Thursday, January 25, 2018

Crashes on Lancaster and Commercial Show Design Flaws

Earlier this week the paper had two narratives involving driver error. One of the errors was wildly negligent, multiple and catastrophic, the other a more "minor" instance of carelessness that was lucky not result in catastrophe.

But both of them were made worse by our overwide stroads, Lancaster Drive near Chemeketa Community College and Commercial Street at Keubler. On both of the streets, design speed is high, reaction time short, and stopping distance long. The crashes were fatal in one instance and "merely" dramatic in the other.

The primary cause in each was driver error, but our roadway design and our approach to speeds and traffic volumes were contributing factors that compounded the primary driver errors and made the consequences much, much worse.

At slower speeds, this crash
would be likely survivable
From the piece:
A Salem woman was sentenced to roughly 18 years in prison Monday for killing two teenagers and injuring a third when she drove her SUV over a curb near Chemeketa Community College in 2010.

Sophia Downing was traveling on Lancaster Drive NE on Sept. 23, 2010, when her Chevrolet Blazer careened across a sidewalk, hitting three people standing near Winema Place NE....

In 2012, Downing was convicted of two counts of first-degree manslaughter, DUI, reckless endangering and one count of second-degree assault. She was sentenced to 25 years in prison, but the Oregon Court of Appeals overturned her manslaughter and assault convictions in January 2016....

Facing a new trial, Downing instead pleaded guilty to two counts of manslaughter and one count of second-degree assault in December.
Lancaster Stroad at Winema Place - note the closed crosswalks
via Streetview
Lancaster here is wide and straight, optimized for speeding. The crosswalks at Winema have been closed because of all the conflicts: turning movements and lane changing and speed. Immediately south of the image there is an enhanced crosswalk for access to the bus stop, and I believe that was installed only after and partially in response to Downing's crash. But it is retro-fitted into the road and the road's posted speed, and is in no way a fundamental and structural shift to the design of the road itself.

Not Even Flashing Lights and Sirens are Enough

Even the Ambulance is not safe at this giant intersection
On the other end of town, but also involving an oversized road, a driver missed hearing or seeing an Ambulance and crashed into it in the recently enlarged intersection of Kuebler and Commercial.

A driver hit the ambulance!
An editorial a day or two later stressed the problem of "distraction," but did not think at all about speed or size of the road. (Happily, it did argue "crash, not accident.")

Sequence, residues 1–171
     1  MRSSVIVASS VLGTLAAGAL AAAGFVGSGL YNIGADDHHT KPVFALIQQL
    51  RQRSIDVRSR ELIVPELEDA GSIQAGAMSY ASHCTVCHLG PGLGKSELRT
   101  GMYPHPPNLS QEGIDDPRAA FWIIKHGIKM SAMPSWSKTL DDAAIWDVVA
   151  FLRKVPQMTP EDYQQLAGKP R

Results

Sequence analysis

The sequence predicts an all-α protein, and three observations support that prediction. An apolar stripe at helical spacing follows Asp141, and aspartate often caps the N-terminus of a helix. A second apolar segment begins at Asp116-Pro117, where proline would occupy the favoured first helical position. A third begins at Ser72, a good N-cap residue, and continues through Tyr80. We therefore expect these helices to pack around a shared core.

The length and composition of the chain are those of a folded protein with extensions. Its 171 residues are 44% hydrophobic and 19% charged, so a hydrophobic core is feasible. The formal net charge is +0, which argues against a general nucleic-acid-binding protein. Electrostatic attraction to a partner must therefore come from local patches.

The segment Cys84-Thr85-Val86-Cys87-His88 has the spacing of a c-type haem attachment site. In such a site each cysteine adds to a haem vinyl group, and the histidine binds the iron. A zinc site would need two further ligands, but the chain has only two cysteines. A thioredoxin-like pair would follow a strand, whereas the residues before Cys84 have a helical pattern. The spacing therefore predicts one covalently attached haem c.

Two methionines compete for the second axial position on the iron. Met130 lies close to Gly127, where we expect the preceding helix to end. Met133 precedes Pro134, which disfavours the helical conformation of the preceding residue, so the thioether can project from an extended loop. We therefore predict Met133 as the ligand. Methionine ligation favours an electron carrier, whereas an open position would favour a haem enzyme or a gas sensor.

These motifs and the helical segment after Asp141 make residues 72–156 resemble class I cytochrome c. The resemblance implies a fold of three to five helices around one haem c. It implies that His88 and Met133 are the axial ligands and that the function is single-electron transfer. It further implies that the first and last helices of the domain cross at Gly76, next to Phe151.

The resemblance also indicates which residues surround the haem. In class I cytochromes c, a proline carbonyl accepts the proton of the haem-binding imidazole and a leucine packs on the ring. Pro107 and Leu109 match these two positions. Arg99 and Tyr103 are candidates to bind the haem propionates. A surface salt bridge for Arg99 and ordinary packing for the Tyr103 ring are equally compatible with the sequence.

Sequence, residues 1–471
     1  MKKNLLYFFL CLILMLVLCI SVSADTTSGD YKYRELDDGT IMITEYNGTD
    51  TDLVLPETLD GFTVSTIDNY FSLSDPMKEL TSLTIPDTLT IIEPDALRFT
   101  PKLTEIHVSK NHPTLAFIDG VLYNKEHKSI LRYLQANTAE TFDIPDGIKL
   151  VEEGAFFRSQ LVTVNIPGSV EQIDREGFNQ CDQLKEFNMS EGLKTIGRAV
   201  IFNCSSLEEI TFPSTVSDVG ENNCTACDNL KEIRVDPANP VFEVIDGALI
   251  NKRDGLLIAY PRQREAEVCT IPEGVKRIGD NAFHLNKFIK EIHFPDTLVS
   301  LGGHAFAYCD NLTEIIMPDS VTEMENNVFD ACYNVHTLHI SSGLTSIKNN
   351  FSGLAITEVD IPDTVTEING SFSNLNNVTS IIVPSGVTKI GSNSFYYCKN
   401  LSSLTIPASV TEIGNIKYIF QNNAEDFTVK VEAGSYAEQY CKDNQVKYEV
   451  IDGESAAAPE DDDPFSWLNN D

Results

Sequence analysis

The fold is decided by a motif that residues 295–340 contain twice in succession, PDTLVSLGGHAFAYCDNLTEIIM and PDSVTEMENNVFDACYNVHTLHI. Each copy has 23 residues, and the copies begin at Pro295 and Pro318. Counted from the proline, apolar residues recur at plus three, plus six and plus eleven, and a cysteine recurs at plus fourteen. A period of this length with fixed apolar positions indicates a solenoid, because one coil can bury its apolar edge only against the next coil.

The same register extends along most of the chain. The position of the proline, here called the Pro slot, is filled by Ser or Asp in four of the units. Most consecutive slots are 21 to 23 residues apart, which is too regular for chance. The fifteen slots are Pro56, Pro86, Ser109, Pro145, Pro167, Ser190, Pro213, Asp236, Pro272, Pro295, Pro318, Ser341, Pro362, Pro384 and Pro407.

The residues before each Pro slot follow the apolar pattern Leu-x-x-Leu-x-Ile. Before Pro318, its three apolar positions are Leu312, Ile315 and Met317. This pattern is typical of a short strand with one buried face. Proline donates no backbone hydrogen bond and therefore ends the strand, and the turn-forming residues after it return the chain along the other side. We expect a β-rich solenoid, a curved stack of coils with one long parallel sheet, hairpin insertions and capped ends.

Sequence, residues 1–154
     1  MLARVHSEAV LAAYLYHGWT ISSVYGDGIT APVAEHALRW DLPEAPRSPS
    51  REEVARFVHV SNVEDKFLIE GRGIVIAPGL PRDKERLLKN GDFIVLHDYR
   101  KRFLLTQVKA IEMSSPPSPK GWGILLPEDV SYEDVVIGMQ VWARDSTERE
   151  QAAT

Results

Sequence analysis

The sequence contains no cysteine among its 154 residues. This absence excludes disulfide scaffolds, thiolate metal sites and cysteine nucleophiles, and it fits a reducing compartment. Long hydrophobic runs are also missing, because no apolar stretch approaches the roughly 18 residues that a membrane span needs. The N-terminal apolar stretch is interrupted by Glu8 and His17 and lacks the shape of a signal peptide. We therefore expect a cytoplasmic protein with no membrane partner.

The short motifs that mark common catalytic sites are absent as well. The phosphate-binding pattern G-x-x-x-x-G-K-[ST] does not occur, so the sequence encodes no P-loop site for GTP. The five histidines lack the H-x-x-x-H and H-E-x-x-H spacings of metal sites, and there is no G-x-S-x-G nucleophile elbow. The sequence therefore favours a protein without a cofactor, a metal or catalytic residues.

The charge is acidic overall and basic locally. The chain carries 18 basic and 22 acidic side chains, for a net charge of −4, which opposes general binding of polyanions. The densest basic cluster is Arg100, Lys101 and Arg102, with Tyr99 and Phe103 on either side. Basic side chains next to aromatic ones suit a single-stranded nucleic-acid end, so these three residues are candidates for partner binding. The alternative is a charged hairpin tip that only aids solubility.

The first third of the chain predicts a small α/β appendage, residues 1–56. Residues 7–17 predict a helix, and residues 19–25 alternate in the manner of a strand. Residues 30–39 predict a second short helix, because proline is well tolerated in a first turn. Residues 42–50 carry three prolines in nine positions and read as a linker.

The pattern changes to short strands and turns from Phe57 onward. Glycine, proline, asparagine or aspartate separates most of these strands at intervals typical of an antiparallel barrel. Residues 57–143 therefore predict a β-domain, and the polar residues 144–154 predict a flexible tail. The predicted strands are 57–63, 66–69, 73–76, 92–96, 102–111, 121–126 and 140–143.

The editorial doesn't talk about size or road or speed
The intersection and general roadway area is crazy busy. And the speeds are such that even minor errors in inattention can't be recovered from. Maybe the driver was blasting the radio and not paying attention at all, maybe the driver just looked down or away for a brief moment - either way, there wasn't enough stopping distance or time to make a correction, and the Ambulance was hit hard enough to be turned on its side. This was no fender-bender.

Asking People Voluntarily to Walk and Bike along these Roads is Unreasonable

Last summer, some errands took me out South Commercial. Just south of this intersection with Kuebler, at the driveway to Walmart some dingus had put a "road work ahead" sign in the north-bound bike lane. With all the turning movements at Walmart, an immediately adjacent bus turn-out, and the fact that the road is signed 40mph, there's no realistic way to "take the lane" and stopping also was treacherous. I just had to get up on the sidewalk and do something I hate: Ride on the sidewalk. 

In a 40mph zone, the bike lane was totally blocked,
and there were lots of turning movements at Walmart -
it was necessary to ride on the sidewalk for a ways!
Nobody likes strong-bodied adults who ride on the sidewalk! They're annoying as heck. They almost always feel like scorchers. They hog space, they go too fast, and drivers aren't generally looking for them. Biking adults generally don't belong on the sidewalks. The sidewalks are for people on foot and with mobility devices.

But there was no choice here.

Even with striped bike lanes, Lancaster and Commercial/Kuebler do not offer environments in which it feels safe or comfortable to bike or walk. (And of course just a few blocks north, past the light at Kuebler, a driver killed a teen trying to cross the street last summer.)

via Twitter
via Twitter
If we want to encourage walking and biking, we're not doing enough of the right things, and these two crashes are indices and canaries, not aberrations, all too expressive of our autoism. #slowthecars

1 comment:

Salem Breakfast on Bikes said...

Today Strong Towns posted another relevant piece. Teasing it, they write, "Why do we design streets within our communities where, when human beings make poor decisions or mistakes (speeding or driving impaired), the results are fatal?"

"Speed kills, so why do we keep designing for it?"